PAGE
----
Unsecured cloud database leaked personal information of over 100m US citizens

Data leak
(Image credit: Shutterstock/dalebor)

An upcoming B2B sales and marketing company leaked personally identifiable information (PII) of up to 126 million US citizens, according to cybersecurity researchers.

Researchers at vpnMentor discovered an unsecured database on Amazon’s cloud computing platform AWS, which they traced back to the US-based marketing company OneMoreLead.

vpnMentor argues that the information in the database, which included email addresses, home address, and phone numbers, and more could easily have been used to perpetrate identity theft, financial fraud, or be used to devise effective phishing campaigns. 

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Furthermore, the database also contained job titles, name of the employer, and work contact details of the individuals, which vpnMentor believes could be used to conduct business email compromise scams.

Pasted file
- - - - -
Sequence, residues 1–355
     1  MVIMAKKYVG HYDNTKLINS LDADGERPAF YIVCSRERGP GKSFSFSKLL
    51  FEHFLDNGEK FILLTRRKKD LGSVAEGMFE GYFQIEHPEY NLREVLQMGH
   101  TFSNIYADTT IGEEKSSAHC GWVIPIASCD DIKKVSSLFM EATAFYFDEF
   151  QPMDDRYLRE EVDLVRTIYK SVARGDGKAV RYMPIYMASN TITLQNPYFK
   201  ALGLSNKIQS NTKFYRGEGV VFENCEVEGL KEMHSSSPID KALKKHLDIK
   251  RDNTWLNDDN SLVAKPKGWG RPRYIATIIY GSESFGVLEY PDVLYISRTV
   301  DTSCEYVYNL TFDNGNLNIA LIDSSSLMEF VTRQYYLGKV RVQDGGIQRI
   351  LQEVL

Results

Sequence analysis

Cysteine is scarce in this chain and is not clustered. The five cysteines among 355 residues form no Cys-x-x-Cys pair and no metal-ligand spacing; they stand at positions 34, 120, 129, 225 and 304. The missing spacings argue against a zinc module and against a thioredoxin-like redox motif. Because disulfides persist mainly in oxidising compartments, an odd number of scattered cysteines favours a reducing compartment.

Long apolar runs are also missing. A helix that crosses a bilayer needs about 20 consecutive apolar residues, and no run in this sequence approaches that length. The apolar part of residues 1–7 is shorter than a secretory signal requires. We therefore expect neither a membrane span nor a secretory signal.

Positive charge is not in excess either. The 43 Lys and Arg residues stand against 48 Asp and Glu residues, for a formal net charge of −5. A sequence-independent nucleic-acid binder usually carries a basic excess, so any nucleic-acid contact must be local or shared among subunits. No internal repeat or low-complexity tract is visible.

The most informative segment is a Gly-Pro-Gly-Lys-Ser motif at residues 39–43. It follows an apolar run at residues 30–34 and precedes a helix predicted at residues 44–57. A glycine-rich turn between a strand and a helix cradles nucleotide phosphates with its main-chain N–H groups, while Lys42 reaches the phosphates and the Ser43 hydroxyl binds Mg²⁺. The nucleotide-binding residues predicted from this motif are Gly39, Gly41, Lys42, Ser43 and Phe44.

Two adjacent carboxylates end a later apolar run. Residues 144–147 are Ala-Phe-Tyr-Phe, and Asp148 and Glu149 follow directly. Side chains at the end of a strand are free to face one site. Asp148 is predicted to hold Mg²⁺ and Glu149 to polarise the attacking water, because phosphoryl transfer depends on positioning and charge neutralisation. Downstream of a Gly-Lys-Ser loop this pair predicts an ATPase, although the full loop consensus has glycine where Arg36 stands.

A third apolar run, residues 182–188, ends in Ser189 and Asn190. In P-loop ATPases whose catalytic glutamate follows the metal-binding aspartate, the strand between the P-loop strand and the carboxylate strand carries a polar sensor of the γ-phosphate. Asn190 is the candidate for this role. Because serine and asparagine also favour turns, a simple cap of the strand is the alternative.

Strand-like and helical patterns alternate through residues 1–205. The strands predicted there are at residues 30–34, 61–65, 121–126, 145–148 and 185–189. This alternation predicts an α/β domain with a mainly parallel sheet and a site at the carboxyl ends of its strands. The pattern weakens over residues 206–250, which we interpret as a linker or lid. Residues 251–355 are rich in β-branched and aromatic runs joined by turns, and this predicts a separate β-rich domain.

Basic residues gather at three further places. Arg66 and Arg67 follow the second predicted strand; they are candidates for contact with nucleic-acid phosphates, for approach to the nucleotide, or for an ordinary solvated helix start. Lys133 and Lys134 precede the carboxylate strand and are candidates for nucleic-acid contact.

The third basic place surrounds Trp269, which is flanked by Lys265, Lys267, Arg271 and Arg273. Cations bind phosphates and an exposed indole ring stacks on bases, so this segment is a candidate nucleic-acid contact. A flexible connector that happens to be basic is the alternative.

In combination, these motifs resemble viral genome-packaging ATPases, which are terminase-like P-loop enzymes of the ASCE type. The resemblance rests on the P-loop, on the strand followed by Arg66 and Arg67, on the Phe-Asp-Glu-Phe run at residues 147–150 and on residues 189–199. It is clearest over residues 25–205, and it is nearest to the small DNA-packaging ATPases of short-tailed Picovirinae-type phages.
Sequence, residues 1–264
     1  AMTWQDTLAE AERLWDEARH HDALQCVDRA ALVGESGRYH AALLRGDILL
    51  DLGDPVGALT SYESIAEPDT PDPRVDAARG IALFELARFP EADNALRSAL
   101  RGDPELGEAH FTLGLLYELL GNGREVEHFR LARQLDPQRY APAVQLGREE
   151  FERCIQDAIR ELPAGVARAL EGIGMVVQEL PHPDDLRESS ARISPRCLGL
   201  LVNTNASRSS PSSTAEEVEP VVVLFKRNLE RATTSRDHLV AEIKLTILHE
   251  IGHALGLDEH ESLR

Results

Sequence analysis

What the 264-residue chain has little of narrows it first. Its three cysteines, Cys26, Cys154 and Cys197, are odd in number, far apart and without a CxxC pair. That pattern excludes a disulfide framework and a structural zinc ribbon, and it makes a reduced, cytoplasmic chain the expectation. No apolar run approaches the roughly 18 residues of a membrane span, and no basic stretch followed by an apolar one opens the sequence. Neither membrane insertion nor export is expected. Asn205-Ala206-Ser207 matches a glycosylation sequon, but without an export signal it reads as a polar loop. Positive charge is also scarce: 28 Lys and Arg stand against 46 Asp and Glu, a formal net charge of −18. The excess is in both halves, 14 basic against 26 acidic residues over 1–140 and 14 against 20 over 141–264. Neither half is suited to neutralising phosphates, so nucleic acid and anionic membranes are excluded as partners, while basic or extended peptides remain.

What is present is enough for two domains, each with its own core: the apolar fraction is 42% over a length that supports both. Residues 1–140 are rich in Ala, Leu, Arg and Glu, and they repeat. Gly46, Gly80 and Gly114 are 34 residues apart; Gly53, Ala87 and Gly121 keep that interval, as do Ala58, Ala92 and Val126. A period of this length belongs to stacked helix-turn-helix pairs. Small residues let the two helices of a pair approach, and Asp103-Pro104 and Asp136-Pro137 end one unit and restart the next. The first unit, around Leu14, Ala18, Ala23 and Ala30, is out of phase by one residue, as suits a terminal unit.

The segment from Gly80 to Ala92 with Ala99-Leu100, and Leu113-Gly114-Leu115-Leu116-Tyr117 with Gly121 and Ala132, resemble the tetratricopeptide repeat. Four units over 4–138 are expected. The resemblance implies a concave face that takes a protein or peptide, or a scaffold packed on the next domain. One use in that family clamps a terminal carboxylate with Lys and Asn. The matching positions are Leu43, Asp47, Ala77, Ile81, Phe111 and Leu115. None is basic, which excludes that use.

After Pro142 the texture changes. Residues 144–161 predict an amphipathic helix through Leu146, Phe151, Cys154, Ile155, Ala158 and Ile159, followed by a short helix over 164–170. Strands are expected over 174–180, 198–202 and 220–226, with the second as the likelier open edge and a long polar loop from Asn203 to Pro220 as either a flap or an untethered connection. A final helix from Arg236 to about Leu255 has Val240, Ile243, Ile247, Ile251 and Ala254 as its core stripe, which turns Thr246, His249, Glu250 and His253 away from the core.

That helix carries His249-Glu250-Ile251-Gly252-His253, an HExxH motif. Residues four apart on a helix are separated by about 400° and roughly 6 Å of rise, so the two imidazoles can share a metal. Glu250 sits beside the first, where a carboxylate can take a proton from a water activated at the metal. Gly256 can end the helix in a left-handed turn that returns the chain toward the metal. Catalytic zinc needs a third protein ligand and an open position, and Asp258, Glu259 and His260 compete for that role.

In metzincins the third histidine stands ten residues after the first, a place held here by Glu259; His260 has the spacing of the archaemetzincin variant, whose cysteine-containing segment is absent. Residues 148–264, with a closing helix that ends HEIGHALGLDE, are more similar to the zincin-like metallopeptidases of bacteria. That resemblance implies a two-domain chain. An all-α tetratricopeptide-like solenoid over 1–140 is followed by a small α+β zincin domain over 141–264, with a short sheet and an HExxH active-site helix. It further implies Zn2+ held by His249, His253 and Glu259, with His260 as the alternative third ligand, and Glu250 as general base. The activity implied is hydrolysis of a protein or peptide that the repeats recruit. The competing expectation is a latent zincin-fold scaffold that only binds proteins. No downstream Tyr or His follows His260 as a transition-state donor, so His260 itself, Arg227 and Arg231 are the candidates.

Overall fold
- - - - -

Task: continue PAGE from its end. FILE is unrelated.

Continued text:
Mysterious origins

While OneMoreLead were quick to protect the database once alerted, vpnMentor has also raised questions about the origins of the data.

According to vpnMentor’s report, OneMoreLead claims to have over 40 million clients, although it doesn’t list them on its website. Furthermore, vpnMentor says the company started in 2020 and it’s “unlikely they collected data from 126 million people since opening in 2020.”

Interestingly, vpnMentor says that the exposed data bears an uncanny resemblance to a leak originally linked to German B2B marketing company Leadhunter in 2020, who, back then, had denied ownership of the leaked data.

In any case, the researchers suggest that such leaks from unprotected databases are becoming more common. 

“However, any leak like this could be easily avoided with some basic security measures taken including securing servers, implementing proper access rules, and never leaving a system that doesn’t require authentication open to the internet,” suggest vpnMentor researchers, Noam Rotem and Ran Locar.

Mayank Sharma

With almost two decades of writing and reporting on Linux, Mayank Sharma would like everyone to think he’s TechRadar Pro’s expert on the topic. Of course, he’s just as interested in other computing topics, particularly cybersecurity, cloud, containers, and coding.